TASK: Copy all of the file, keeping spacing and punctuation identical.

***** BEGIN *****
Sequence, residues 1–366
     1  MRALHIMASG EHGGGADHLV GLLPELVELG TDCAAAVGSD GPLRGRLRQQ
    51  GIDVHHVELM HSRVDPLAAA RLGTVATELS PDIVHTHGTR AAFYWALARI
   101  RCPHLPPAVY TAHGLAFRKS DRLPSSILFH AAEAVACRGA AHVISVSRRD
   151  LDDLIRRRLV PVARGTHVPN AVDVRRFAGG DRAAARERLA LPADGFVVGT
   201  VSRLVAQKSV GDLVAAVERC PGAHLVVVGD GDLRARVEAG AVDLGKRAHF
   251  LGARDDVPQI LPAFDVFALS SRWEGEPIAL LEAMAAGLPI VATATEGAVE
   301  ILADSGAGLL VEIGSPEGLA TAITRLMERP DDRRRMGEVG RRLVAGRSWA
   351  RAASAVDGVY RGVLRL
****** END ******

Sequence, residues 1–366
     1  MRALHIMASG EHGGGADHLV GLLPELVELG TDCAAAVGSD GPLRGRLRQQ
    51  GIDVHHVELM HSRVDPLAAA RLGTVATELS PDIVHTHGTR AAFYWALARI
   101  RCPHLPPAVY TAHGLAFRKS DRLPSSILFH AAEAVACRGA AHVISVSRRD
   151  LDDLIRRRLV PVARGTHVPN AVDVRRFAGG DRAAARERLA LPADGFVVGT
   201  VSRLVAQKSV GDLVAAVERC PGAHLVVVGD GDLRARVEAG AVDLGKRAHF
   251  LGARDDVPQI LPAFDVFALS SRWEGEPIAL LEAMAAGLPI VATATEGAVE
   301  ILADSGAGLL VEIGSPEGLA TAITRLMERP DDRRRMGEVG RRLVAGRSWA
   351  RAASAVDGVY RGVLRL